Sunday, 19 February 2017

Sunday Stories | Josie's Cystic Fibrosis Story

Sunday stories is a series on my blog where every week a different person talks about their condition (physical, mental etc.), shares their story and raise awareness. For the past 5 years I've used my blog as a space where I could do just that but I wanted to extend things even further to allow others to talk and raise awareness of their conditions. I'm really excited to introduce everyone to you! Today the lovely Josie is sharing her story and journey with Cystic Fibrosis, I'll hand things over to her, I really think you'll enjoy learning more about what she has been through recently.

Can you tell us a bit about your condition and how you were diagnosed?

I was born with cystic fibrosis (CF), which is a life shortening genetic disease that affects multiple organs but primarily the lungs and I was diagnosed at age 2 after constant chest infections and struggling to digest food. Our original GP dismissed my mum's concerns as being 'a paranoid mother' and I only got a diagnosis after she switched doctors!

How does your condition affect you on daily basis?

I was lucky enough to receive a double lung transplant in July 2016 after CF had damaged my lungs so badly they were failing on me. Prior to transplant I was doing hours of physio a day and countless nebulisers and tablets to try and clear my chest and be able to breathe and I spent long periods of time in hospital. I struggled to do the simplest of tasks such as wash my hair or walk up the stairs. Since receiving my new lungs I'm able to do all these things with ease, plus more! For the first time in my life I'm as 'normal' as I'm ever going to know and the future is looking bright. However as wonderful as it is transplant is not a cure, it comes with many complications and I still have to take medication daily. I'm not sure how much time I'll get with my new lungs but that just makes me more determined to enjoy every day and live life to the full!

Do you have any tips for someone who is newly diagnosed?

I would tell someone who is newly diagnosed to have hope! The prognosis for people with cystic fibrosis gets better every year as new treatments become available which is so exciting. That being said, it's really important to look after yourself as well as you can so don't skip treatments or exercise even though I know it's SO time consuming and dull.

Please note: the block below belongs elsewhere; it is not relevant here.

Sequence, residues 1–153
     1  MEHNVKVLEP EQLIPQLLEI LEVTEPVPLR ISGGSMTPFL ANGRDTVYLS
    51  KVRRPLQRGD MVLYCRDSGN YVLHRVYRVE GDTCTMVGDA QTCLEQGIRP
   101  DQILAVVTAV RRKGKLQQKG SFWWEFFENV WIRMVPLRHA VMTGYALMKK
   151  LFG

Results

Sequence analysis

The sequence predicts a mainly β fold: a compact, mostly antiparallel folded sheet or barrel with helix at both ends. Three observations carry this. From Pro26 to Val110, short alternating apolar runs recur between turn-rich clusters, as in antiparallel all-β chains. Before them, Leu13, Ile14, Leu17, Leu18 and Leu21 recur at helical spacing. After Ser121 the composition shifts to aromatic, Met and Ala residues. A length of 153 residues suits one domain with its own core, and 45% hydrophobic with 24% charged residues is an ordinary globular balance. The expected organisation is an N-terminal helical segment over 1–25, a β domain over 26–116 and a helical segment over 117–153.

What is one thing you would like people to remember about your condition?

One thing people should remember about cystic fibrosis is that often people with it don't want sympathy but for people to be understanding and take into consideration the limits that living with CF can bring. And please don't mention the cough - we quite aware of it, thank you! 

You can follow Josie on Twitter, Instagram and she also has her own blog, go have a read! You can get support and find more information about CF on the Cystic Fibrosis Trust website.

Friday, 10 February 2017

That Lame Company #BoxOfLame

Yes, Christmas was months ago and yes, this is post is very late and yes, you can't buy this box anymore but, it's full of so many awesome things that can be bought individually so I still thought it was worth doing a review! If you aren't familiar with That Lame Company then I really suggest taking a peek at their website, they're an online shop that sell everything from gorgeous prints to notebooks and of course the famous Box Of Lame bundles.

The Box Of Lame boxes are something that until Christmas I hadn't tried as they sell out so quickly! This time around I set an alarm at the release time, ready and waiting with my card details to snap one up and I was so happy when I did. I'm a big stationery fan and I'd just gotten a new desk at the time so I was hoping to get some motivating prints to put on the wall too. The box did not disappoint and whilst you can't buy the box as a whole now you can buy a lot of the products individually so everything that I can link will be linked!

First up there were a wide range of prints in the box, just what I wanted! There were 9 A5 prints inside, 8 motivational prints and a 'Bloggers do it better' print, perfect for me! As I said above it was motivating prints that I really wanted to have above my desk so I can't wait to arrange these on the wall somehow, I've always loved the idea of having a wall of prints, photos and art. Then the other two prints are A5, a gold foil one saying 'let the adventures begin' and a red foil one saying 'sparkle, shine, shimmer & glow.' Unfortunately you can't get either of these on the website but you can make your own customisable foil print if either of the quotes take your fancy!